5
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Here are some examples:

[1, 2, 3, 4, 5] => [1, 2, 3, 4, 5]
[10, 15, 10, 15, 30] => [10, 15]
[1, 2, 3, 4, 1, 5, 6, 7] => [1, 2, 3, 4]

Here's my best (and deeply ugly) non-recursive, side-effect-free solution so far:

x.scanLeft(List[Int]())((B, Term) => Term :: B).drop(1).takeWhile(i => !(i.tail contains i.head)).last.reverse

Minor optimization:

x.tail.scanLeft(List(x.head))((B, Term) => Term :: B).takeWhile(i => !(i.tail contains i.head)).last.reverse

This is different from distinct:

[1, 2, 3, 4, 1, 5, 6, 7] => [1, 2, 3, 4] and not [1, 2, 3, 4, 5, 6, 7]

Also, considering List[_] is a monoid, isn't there a scan that uses the monoid zero?

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5
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This is a fold, not a scan. A scan produces something with the same number of elements, and change the elements. A fold produces something new.

def firstDistinct[T](s: Seq[T]) = s.foldLeft(Seq[T]() -> false) {
  case (result @ (_, true), _)           => result
  case ((seq, _), el) if seq contains el => seq -> true
  case ((seq, _), el)                    => (seq :+ el) -> false
}._1
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  • \$\begingroup\$ Almost... Your solution doesn't work with "infinite" lists, while mine does. I know I didn't said that in the original post, but it's worth mentioning. \$\endgroup\$ – Hugo Sereno Ferreira Dec 28 '11 at 17:41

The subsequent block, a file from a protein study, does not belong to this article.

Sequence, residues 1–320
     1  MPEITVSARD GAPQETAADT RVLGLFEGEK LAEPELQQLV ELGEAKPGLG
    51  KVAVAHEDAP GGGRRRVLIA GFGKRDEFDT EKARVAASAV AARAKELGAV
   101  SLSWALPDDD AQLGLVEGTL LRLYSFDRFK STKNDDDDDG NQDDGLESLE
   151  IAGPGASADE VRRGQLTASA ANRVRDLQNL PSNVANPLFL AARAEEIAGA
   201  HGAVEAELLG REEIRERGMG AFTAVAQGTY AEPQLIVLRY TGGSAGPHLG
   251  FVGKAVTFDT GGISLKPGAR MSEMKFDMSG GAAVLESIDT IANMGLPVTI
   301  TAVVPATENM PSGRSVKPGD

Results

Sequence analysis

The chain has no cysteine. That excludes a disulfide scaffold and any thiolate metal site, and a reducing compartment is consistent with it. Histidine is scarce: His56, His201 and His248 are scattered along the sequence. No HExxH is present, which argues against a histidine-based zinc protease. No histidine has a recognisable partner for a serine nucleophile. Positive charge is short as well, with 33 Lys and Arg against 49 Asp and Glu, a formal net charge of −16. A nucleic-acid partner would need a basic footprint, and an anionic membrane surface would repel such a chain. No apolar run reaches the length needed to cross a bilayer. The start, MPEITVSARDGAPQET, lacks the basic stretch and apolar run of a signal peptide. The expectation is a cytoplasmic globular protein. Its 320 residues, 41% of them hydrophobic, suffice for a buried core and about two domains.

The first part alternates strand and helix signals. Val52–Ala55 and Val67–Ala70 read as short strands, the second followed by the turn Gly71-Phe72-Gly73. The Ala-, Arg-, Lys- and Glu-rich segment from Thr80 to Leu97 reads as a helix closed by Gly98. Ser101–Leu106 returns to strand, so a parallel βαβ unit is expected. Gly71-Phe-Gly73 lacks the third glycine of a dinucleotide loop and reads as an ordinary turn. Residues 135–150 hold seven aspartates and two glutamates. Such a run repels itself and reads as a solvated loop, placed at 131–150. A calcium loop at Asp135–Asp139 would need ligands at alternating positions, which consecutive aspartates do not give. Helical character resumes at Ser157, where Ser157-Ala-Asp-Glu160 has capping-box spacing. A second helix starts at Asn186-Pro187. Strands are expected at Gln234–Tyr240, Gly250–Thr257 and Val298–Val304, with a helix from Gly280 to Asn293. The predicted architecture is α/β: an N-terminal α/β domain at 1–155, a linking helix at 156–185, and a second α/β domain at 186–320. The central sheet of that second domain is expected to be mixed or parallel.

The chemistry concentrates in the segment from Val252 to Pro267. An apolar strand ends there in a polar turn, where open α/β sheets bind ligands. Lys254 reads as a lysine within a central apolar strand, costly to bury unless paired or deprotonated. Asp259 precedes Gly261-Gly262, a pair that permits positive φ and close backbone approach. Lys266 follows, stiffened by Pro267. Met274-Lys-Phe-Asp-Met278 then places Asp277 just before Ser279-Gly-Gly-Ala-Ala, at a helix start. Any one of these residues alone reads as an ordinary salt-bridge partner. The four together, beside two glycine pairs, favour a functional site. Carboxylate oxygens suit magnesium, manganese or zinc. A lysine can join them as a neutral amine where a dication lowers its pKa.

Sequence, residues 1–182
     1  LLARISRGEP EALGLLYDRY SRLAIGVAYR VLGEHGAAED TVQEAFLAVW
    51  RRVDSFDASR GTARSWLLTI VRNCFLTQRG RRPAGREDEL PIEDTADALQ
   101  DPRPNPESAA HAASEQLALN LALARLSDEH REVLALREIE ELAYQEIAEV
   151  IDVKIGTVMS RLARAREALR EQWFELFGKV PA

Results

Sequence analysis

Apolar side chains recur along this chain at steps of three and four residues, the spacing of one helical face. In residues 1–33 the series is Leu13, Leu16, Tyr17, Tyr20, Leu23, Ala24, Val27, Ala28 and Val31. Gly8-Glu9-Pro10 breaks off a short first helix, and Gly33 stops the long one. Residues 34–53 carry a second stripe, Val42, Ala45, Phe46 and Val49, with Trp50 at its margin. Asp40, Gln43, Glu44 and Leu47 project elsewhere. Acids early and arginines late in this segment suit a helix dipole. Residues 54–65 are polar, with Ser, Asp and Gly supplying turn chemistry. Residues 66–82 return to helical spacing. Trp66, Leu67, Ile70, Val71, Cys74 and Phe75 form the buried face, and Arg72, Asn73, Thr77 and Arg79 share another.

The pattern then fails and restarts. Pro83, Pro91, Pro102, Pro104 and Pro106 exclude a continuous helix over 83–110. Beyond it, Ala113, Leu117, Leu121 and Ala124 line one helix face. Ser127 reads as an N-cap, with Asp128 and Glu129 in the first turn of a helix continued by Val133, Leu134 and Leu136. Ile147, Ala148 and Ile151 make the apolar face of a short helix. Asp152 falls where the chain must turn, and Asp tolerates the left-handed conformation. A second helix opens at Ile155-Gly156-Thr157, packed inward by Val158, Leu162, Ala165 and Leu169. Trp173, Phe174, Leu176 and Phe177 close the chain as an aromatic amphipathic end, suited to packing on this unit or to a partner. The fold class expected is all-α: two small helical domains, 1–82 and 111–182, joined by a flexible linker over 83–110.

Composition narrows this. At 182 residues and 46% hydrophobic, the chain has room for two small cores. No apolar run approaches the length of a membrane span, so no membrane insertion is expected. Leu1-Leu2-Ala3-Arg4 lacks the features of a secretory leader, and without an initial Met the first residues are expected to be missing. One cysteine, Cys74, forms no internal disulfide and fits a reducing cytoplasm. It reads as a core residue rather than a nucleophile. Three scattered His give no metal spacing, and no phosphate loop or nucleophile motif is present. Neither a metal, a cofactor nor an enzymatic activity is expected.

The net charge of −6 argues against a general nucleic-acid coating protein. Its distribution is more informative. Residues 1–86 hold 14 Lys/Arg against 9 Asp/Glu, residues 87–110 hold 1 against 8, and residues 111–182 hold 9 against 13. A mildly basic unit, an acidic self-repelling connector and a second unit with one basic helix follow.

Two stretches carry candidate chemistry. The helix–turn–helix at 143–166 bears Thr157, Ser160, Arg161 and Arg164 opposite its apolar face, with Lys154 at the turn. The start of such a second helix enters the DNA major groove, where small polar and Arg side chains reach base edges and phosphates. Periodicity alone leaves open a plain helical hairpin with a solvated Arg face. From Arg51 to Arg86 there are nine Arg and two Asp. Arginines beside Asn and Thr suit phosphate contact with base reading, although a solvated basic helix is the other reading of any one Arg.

• \$\begingroup\$ Nevertheless, amazing display of your functional-fu! \$\endgroup\$ – Hugo Sereno Ferreira Dec 28 '11 at 18:18
  • \$\begingroup\$ @HugoSFerreira Infinite lists are Stream, not List. Might first impulse was going for Stream, but then I noticed you were restricting the solution to List... It should be doable with a lazy foldRight, which, iirc, Scala's isn't but Scalaz has. \$\endgroup\$ – Daniel C. Sobral Dec 28 '11 at 21:34
  • \$\begingroup\$ Thanks for the tip on scalaz. I was already wrapping my head on why foldRight was being strict. \$\endgroup\$ – Hugo Sereno Ferreira Dec 29 '11 at 1:37
4
+25
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def once(list:List[Int]) = {
  def go(acc:List[Int],set:Set[Int],rest:List[Int]):List[Int]=rest match{ 
    case x::xs if ! set(x) => go(x::acc, set + x, xs)
    case _ => acc.reverse 
  }
  go(Nil,Set(),list)
}

And the mandatory one-liner, which would be actually nice if distinct were supported on List.view:

list.zip(list.distinct).takeWhile{case(x,y) => x==y}.map(_._1)

[Edit]

There must be a nice one-liner for Streams, too, but all I got so far is a train wreck...

st.scanLeft((Set[Int](),List[Int]()))((t,x) => if (t._1(x)) null else (t._1+x, x::t._2)).takeWhile(_ != null).last._2.reverse 

Edit 2

Basically the same construction idea, but more readable:

st.zip(st.scanLeft(Set[Int]())(_+_)).takeWhile{case(x,s)=> !s(x)}.map(_._1)
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  • \$\begingroup\$ Very nice your one-liner! I'll award the +50... but could you also solve it with infinite lists (streams)? \$\endgroup\$ – Hugo Sereno Ferreira Apr 2 '12 at 15:35
1
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    def first_distinct[T](x: Seq[T]) = {
        def iter(acc: Seq[T], met: Set[T], rest: Seq[T]): Seq[T] = {
            if (rest.isEmpty || (met contains rest.head)) acc
            else iter(acc :+ rest.head, met + rest.head, rest.tail)
        }
        iter(Vector.empty, Set.empty, x)
    }

This can be optimized, of course (but I'm not sure if compiler does this by itself). I'll write solution for lazy streams some time later.

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